When evaluating the quarterbacks in preseason, it’s essential that we look at who they were playing with and who they were playing against. Orton had the chance to play against the Cowboys’ first-team defense. Had Tebow or Quinn played against them, would they have been as successful? If Orton was playing against the ‘Boys second or third team defense, would he have incredible numbers? Probably. It’s all relative and that’s one thing that the Broncos consider when looking at the statistics from the game.

Leading the Broncos in rushing was Jeremiah Johnson who had four carries for 28 yards and 1 touchdown. Matt Willis lead the team in receiving with 2 catches for 50 yards, but it was Eron Riley who had the team’s only receiving touchdown to go along with his 3 catches for 43 yards.

Defensively, the Broncos are still getting accustomed to their new 4-3 alignment. The great thing to see was how much pressure was coming from the defensive line and the linebackers. The return of Elvis Dumervil was noticeable on the Cowboys first drive as was the addition of Von Miller. Nate Jones led the team in tackles with 6, and Perrish Cox had an interception late in the first half. The longest run play given up was a Felix Jones 18 yard dash in the Cowboys’ first series. One guy to keep an eye on is Kyle McCarthy. He had two tackles, and the team’s only sack. The thing to notice is his energy. You can tell that he’s playing for a sport on the roster.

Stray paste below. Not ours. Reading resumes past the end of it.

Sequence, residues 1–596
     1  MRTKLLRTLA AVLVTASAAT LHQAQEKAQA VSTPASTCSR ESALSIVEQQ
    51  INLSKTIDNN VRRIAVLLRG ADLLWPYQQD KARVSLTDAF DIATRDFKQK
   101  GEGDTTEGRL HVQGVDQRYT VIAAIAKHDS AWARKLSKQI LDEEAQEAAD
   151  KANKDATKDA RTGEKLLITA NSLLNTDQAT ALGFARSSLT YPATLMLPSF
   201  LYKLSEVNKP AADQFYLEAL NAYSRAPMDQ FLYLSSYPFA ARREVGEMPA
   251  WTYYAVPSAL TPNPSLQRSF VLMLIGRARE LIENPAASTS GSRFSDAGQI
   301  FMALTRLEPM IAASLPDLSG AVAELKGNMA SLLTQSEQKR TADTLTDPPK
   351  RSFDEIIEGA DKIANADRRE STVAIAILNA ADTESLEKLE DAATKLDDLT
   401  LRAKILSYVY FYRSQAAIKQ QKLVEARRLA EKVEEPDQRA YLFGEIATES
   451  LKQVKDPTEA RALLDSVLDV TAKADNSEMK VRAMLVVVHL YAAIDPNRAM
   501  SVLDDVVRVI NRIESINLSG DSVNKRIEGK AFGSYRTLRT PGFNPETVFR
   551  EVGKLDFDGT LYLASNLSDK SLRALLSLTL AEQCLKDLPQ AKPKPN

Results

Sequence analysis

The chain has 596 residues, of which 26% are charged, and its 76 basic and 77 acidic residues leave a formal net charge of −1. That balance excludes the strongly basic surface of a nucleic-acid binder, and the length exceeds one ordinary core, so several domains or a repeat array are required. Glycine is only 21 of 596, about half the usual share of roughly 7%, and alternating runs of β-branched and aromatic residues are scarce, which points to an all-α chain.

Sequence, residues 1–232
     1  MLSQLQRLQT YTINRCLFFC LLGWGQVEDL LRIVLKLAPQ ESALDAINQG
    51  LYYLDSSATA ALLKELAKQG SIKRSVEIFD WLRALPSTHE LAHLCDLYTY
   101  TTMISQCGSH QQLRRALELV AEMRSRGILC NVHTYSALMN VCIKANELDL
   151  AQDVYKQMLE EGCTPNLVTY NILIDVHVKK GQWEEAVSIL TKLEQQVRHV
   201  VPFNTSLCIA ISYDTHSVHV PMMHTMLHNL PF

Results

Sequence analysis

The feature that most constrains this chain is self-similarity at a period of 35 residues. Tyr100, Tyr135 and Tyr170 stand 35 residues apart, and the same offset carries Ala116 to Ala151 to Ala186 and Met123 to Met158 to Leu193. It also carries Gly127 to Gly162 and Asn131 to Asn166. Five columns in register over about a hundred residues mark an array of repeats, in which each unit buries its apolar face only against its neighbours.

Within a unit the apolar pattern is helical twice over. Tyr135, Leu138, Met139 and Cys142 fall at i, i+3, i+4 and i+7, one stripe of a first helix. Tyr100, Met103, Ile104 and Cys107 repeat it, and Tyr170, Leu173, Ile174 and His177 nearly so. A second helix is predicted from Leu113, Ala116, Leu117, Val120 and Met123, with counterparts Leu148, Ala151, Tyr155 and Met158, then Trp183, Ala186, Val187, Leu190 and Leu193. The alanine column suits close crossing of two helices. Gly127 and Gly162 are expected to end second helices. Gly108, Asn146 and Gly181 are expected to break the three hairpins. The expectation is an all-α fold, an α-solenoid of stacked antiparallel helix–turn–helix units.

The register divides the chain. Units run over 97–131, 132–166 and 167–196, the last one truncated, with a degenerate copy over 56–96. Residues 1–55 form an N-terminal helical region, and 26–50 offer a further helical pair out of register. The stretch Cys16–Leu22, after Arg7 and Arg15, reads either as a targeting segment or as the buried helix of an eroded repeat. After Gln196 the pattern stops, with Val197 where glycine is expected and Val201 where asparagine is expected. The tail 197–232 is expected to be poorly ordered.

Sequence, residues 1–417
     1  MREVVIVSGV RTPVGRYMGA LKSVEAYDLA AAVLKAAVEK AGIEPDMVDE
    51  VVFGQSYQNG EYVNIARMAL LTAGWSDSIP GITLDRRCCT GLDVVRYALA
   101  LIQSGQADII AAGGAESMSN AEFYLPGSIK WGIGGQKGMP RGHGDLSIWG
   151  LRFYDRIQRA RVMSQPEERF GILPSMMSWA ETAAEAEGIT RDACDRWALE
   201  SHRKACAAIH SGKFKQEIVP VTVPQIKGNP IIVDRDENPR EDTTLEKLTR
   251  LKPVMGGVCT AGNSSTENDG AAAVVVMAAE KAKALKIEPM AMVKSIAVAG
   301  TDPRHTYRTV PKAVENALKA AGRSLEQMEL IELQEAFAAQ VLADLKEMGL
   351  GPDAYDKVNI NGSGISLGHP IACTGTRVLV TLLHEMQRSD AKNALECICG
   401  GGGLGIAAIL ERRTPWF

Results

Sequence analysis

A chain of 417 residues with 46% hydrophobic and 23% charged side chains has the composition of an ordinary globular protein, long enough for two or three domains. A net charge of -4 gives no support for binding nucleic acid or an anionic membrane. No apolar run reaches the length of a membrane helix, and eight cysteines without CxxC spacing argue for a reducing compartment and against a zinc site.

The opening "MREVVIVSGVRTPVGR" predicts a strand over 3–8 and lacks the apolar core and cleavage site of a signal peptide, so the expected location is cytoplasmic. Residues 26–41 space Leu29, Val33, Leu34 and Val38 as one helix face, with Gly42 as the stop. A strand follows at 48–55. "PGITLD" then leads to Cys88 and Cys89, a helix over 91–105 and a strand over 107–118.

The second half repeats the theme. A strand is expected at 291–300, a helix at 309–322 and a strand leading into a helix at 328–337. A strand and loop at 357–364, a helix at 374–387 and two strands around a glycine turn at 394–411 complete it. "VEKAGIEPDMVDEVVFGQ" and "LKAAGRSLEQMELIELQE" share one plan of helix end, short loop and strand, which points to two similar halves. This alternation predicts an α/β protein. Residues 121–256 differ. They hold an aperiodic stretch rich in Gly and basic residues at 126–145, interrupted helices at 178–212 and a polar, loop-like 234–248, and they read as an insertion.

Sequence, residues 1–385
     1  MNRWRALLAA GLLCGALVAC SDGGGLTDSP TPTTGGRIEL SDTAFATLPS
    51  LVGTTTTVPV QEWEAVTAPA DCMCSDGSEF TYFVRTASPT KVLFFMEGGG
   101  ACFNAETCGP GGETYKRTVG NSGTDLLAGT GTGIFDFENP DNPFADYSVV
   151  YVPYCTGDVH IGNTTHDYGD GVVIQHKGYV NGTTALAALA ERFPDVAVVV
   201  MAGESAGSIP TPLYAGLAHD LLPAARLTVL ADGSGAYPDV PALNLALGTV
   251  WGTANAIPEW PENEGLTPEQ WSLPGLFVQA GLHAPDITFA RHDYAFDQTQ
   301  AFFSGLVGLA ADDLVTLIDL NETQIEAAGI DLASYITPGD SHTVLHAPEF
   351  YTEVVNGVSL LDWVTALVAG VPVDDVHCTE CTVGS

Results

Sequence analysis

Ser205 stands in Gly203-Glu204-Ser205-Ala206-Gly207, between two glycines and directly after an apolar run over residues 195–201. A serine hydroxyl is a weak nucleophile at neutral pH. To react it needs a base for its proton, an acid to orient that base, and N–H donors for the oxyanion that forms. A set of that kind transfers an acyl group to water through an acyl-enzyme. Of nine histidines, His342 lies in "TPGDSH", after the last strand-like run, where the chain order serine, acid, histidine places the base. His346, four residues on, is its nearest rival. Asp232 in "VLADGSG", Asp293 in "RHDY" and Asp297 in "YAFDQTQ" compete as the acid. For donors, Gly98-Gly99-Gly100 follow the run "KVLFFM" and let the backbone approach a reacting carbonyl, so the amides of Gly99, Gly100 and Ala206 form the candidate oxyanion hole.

Matt Prater went 3-for-3 on field goals with a long of 42 yards.

There were no significant injuries tonight which is always a blessing.

One great thing about this first preseason game is it gives the coaching staff things to work on. You can only practice against your teammates so much. Rather than working from the memories and frustration from last year, the team now has a new starting line to work from in their race to the playoffs.

The Broncos next practice is on Saturday from 8:50-11:30 a.m. and it is open to the public.